Summer time heat is scorching the Crystal Coast, and it's the time of year to enjoy a hot summer day out on the water.
While you are out on the water, you might as well take advantage of some great warm-weather fishing that the Southern OBX has to offer.
Inshore: One unique fishery that has made its appearance is our summer-time Tarpon fishery. In North Carolina, Tarpon are a very challenging task to cross off of your bucket list; nevertheless, they are around. If you plan an excursion to try and catch one, you could go about it in two different ways. You could cover as much of the Neuse River as possible on a flat calm day and look for Tarpon gulping air, then pitch something like a live shad or a live pinfish to them. The other technique would be anchoring up and kite fishing along the beach with baits like; live cob mullet, live pinfish, or live threadfin. The Speckled Trout fishing has been fairly strong even with all of this heat, and many of the fish being caught have been large and in charge. Topwaters at daybreak is the staple for big summer time Trout. The Rapala Skitter-Walk is a go to topwater bait for Citation sized Trout at dawn around this area. It's best to retrieve this bait either "Along the Grain" or "Against the Grain". "Along the Grain" means to let the current be your friend and help you cover the water. "Against the Grain" is working your bait against the current, giving it a slower cadence and a wider twitch range. I will also add that a big Speckled Trout will generally miss your bait on its first attempt, or even try to tail slap it, so its very important to not freak out after the first strike, just keep it slowly twitching. A big Trout will almost always turn back and make sure he gets it on the second attempt. Also, a Trout on topwater will generally hook themselves, so no need for some crazy hook set like an FLW-tour Largemouth Bass all-star, you'll just tear the soft tissue in the fish's mouth and lose your trophy. Flounder fishing has been consistent. Live baits on a Carolina Rig is the way to do it in the hot summer days, undoubtedly. Inshore areas like Core Creek have had plenty of Flounder, Speckled Trout, and Red Drum. The Newport River has had some good topwater Red Drum action as well. Fishing a Berkley Gulp (Natural or Molten color 4"shrimp) near oyster beds with a very slow retrieve has been producing some upper-slot and a few over-slot Drum lately as well. Anglers fishing from the beach are catching some nice Spanish Mackerel on gold colored Taskmaster spoons, particularly around Bogue and Beaufort Inlets.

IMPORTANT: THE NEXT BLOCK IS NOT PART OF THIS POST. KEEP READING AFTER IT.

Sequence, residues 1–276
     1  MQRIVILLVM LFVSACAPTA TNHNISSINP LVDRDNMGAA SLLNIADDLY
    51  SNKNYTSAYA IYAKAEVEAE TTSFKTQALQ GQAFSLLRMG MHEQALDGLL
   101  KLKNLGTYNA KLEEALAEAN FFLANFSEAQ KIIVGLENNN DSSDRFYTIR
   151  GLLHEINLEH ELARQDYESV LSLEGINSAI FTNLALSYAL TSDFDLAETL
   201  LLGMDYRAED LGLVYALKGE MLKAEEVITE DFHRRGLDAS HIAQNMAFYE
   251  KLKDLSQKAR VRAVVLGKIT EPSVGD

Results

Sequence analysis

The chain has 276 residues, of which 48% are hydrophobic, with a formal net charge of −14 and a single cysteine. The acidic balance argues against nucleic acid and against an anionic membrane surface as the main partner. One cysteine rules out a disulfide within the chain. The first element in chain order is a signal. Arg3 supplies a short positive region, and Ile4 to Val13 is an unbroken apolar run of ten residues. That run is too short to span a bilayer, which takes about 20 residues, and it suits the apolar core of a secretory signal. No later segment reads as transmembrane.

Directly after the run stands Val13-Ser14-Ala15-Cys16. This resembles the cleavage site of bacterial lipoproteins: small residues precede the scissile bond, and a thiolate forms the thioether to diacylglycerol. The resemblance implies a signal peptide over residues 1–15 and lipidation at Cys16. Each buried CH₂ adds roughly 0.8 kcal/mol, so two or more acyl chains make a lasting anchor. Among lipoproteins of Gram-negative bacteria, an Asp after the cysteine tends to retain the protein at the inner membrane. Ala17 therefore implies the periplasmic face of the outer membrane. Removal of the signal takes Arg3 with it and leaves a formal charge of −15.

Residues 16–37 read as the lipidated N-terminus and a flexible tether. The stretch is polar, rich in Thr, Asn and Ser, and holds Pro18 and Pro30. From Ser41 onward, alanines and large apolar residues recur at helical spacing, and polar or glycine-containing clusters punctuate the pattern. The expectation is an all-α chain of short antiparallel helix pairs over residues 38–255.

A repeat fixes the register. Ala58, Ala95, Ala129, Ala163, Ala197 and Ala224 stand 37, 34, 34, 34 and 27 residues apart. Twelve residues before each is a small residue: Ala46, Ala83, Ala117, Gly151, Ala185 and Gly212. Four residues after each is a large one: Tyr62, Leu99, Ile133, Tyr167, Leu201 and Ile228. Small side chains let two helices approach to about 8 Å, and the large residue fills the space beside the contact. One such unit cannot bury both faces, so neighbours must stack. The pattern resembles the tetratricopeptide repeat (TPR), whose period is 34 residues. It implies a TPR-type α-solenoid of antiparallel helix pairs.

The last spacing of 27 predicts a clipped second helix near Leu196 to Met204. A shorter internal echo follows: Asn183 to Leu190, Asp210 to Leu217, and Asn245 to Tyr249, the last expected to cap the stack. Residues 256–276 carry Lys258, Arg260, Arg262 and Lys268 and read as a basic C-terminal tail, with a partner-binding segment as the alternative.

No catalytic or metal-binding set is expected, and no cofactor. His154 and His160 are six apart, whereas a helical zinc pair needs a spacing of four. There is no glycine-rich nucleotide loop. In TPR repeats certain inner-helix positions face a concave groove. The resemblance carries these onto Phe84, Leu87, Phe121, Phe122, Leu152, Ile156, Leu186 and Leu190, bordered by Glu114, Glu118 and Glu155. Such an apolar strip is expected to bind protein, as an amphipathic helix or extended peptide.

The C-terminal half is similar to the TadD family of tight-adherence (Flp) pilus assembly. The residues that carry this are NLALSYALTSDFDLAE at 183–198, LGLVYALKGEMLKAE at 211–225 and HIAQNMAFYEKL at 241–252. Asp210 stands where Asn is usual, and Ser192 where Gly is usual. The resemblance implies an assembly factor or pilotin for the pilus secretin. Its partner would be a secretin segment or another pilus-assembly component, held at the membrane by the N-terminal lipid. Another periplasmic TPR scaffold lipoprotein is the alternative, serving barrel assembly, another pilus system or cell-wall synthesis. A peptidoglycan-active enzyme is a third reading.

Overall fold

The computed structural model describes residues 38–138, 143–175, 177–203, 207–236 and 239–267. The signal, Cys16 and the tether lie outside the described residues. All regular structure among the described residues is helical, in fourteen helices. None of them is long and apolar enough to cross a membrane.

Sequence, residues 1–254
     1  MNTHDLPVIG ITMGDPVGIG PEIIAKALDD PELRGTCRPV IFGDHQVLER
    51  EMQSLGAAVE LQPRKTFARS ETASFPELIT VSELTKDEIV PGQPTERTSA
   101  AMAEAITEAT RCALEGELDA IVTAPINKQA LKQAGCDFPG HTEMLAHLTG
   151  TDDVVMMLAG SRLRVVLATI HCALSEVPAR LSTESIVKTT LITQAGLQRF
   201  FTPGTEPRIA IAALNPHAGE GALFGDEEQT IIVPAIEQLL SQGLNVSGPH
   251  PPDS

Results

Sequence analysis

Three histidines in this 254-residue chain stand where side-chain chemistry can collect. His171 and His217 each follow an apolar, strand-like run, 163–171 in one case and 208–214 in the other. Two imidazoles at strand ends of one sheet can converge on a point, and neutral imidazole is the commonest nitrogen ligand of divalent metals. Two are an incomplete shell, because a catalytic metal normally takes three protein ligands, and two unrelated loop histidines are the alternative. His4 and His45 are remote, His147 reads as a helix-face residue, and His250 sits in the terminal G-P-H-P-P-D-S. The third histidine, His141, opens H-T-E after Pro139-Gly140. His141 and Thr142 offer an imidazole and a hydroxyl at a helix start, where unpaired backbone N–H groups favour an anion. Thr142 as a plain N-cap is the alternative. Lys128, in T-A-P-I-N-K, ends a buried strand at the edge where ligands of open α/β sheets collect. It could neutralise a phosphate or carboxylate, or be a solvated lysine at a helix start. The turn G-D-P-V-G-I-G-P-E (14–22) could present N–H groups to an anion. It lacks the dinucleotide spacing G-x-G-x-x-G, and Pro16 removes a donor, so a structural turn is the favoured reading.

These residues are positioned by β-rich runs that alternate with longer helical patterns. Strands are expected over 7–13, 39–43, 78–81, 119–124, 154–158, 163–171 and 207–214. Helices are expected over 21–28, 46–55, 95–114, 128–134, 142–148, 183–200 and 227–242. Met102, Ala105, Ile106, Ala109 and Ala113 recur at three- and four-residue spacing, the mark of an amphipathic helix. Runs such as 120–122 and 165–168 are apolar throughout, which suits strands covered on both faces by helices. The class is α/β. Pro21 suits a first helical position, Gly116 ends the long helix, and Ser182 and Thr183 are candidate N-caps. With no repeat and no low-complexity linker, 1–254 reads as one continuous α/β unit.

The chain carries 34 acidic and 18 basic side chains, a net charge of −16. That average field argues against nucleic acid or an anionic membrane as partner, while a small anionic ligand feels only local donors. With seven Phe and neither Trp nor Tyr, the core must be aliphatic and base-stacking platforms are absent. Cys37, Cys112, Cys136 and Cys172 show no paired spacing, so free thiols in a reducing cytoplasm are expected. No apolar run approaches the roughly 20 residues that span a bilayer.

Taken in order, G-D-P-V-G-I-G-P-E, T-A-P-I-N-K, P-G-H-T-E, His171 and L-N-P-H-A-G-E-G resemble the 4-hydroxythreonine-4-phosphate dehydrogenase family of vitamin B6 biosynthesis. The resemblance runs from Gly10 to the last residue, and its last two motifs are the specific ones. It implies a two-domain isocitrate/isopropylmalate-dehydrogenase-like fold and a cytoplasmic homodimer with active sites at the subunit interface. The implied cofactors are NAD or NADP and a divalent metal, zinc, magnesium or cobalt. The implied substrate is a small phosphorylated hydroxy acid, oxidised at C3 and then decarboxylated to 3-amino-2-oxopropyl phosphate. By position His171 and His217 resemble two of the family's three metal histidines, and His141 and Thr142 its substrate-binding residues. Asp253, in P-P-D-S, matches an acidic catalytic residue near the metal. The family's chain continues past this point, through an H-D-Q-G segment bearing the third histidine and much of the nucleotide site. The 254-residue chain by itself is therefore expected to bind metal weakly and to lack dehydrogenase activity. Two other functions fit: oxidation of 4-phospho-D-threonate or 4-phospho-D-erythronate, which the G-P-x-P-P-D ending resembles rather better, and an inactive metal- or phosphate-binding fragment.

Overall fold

Offshore: Offshore fishing has been producing a good Grouper bite. There have also been some billfish around areas from the Big Rock to the Swansboro Hole. We have not heard any reports on Swordfish being caught. There should still be a few Dolphin around the grass, but not in any good numbers, just kind of here and there, or none at all. The smaller class sizes of Wahoo should start chewing the planer rods usually around this time of year. There have been a few anglers that have found good pods of Blackfin Tuna. Bottom fishing has been consistent as always for meat fisherman, you've just got to have quality baits, quality rigs, and quality numbers. Don't be afraid to try something that looks good on your electronics, too many people rely on numbers given to them. If you have the electronics, trust them, and use them to your advantage. Sometimes the best way to catch is stay away from the crowd.
Fly Fishing: Citation Speckled Trout can be fooled at daybreak on big and bulky deciever patterns that imitate a live mullet. Amberjack,
smaller sized Mahi, and random strangers can be fooled over the top of artificial reefs on a fly after a heavy dose of chumming.
As always, Tight Lines from Freeman's Bait and Tackle. We hope you're enjoying summer!